When Janie Morales goes to the hospital, she doesn’t want to speak to a computer screen.
Morales, who was born in Galveston and is deaf, said she was once brought to the emergency room of a hospital. When she arrived, she asked for an interpreter.
In response the hospital provided her with a video remote interpreting, or VRI, machine. It did not go well.
The hospital’s Wi-Fi was having trouble connecting to the machine, which allows an off-site sign-language interpreter to act as the go-between for deaf patients and doctors. The machine was freezing and taking more and more time.
“I must have a live person,” she said. “There was phrasing and technology difficulties.”
Ultimately, a social worker at the hospital intervened and got Morales an interpreter. But it’s an occurrence that’s becoming more and more common, she said.
On Friday afternoon, The Capsule Group, an advocacy organization focused on the rights of the deaf and hard-of-hearing, held a rally and informational meeting at Galveston City Hall, kicking off what organizers call a concerted effort to bring equality to medical care for people who are deaf or partially deaf.
While video technology is advertised as being cheaper and more convenient, using it in a medical setting can cause trepidation. Sign language, like other languages, has dialects, Storey said. A person that is beamed in from another state or country, may not be able to properly communicate with doctors, she said.
Besides that, technology is susceptible to malfunction. That’s why people should have a choice about how they’re interpreted, Storey said.
“People don’t understand that this is a language,” Storey said. “Technology shouldn’t dictate it.”
Morales was one of a handful of people who shared their struggles with communicating with doctors, nurses and other care givers, as the use of video chat technology grows.
Holding the rally, which drew 18 people, in Galveston was symbolically significant. The University of Texas Medical advertises itself as a leader in telemedicine, and one of Galveston’s most legendary figures, lifeguard Leroy Columbo, who was credited with saving more than 900 people from the Gulf of Mexico, was also deaf.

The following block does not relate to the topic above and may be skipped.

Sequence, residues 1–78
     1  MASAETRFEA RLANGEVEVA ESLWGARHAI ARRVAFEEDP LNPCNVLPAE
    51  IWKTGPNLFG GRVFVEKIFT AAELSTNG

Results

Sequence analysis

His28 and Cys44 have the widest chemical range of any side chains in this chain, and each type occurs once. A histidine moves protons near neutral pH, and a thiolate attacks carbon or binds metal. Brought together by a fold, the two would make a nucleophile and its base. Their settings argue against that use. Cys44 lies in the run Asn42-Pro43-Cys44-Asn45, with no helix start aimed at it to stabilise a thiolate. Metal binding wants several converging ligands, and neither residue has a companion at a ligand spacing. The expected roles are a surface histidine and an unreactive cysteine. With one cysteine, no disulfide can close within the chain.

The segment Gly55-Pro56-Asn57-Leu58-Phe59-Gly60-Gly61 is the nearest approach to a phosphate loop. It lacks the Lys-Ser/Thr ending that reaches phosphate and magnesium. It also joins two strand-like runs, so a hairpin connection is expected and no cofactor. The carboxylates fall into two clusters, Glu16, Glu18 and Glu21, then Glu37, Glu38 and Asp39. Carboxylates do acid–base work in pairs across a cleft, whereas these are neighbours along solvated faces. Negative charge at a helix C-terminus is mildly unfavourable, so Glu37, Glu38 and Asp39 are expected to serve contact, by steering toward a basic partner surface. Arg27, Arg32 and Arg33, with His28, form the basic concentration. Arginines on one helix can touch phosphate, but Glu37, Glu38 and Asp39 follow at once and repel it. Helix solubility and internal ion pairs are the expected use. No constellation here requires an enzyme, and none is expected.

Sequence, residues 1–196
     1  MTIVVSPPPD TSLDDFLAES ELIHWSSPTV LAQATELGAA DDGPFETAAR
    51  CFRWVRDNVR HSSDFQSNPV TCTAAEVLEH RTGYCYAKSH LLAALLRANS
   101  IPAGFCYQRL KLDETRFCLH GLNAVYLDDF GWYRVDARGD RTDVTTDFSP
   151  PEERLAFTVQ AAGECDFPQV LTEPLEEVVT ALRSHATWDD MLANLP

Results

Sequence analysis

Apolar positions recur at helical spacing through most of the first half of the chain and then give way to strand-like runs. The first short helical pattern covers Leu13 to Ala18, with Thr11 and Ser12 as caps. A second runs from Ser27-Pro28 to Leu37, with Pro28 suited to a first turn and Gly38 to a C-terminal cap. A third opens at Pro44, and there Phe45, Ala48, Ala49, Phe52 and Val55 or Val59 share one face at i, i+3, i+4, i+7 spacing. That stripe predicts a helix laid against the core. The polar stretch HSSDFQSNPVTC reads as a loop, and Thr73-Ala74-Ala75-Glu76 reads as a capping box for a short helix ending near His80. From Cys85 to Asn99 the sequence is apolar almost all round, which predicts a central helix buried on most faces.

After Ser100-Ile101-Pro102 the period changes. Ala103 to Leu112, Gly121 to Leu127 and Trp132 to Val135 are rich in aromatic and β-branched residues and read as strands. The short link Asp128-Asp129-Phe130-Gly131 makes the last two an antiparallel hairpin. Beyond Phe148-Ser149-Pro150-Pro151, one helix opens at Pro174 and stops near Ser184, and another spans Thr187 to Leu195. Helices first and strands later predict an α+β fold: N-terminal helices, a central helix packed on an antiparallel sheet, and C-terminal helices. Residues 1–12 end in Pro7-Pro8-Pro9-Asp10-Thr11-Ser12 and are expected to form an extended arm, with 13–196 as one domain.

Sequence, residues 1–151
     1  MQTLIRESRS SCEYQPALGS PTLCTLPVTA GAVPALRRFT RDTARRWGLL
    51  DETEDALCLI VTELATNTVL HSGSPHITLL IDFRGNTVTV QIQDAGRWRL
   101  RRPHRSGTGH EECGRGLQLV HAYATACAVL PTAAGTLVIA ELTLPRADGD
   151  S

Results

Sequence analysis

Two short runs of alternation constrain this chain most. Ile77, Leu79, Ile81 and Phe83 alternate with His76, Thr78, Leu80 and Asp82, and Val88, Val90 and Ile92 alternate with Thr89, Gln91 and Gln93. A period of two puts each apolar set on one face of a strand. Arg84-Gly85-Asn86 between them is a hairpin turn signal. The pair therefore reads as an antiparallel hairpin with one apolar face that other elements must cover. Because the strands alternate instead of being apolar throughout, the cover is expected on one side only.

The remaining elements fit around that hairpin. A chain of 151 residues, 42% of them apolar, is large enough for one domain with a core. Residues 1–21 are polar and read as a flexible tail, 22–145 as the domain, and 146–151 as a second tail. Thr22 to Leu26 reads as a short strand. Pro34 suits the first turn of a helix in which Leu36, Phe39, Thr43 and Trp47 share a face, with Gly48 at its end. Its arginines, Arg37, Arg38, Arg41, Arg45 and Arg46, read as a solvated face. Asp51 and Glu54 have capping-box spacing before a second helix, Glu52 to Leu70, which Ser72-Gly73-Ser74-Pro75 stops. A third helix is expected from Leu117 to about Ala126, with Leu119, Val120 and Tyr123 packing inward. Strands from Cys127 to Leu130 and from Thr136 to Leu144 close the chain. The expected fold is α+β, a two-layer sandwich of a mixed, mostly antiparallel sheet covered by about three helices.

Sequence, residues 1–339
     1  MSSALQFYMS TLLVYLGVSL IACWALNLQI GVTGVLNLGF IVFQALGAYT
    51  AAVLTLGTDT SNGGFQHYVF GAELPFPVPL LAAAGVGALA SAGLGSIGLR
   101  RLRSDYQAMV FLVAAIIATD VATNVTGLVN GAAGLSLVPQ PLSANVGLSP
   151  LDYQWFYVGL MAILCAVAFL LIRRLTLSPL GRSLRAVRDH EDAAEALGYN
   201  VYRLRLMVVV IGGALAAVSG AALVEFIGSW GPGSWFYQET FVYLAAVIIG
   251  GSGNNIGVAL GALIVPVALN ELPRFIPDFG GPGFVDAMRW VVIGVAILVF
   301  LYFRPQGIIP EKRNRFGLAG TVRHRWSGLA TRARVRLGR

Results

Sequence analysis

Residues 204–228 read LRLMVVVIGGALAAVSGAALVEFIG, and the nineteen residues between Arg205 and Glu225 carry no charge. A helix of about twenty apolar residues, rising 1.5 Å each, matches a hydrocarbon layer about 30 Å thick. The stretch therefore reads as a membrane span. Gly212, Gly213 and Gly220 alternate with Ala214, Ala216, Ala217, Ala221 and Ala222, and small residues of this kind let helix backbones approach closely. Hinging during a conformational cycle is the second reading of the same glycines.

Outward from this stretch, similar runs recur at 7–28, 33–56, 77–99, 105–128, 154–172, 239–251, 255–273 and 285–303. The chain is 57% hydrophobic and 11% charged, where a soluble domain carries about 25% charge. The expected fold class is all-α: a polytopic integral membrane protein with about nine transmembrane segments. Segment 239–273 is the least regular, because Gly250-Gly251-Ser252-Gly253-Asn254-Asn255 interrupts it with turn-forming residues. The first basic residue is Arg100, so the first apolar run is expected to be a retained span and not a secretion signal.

Storey said The Capsule Group intended to hold more meetings in other parts of Texas during the next year.
Next month, a provision of the Affordable Care Act goes into effect, which requires medical providers “to give primary consideration to the choice of an aid or service requested by the individual with a disability.” That means deaf people can choose whether to use video technology or a live, certified interpreter.
Storey said the provision is a start — the rule is already a part of the Americans With Disabilities Act — but said her group was working to gather more input from people about the struggles they have with video technology, with the hope of creating a proposal for legislation that would help deal with those troubles.
It’s time for action, she said.
“We’ve spent too much time just talking about communication,” she said.
Meanwhile, the group is also working to provide people like Morales with information about their rights. Every person at the rally was given a card that can be presented to doctors, asserting the right to a live interpreter.
“I am so glad to have that,” Morales said. “I will put that right in front of their faces.”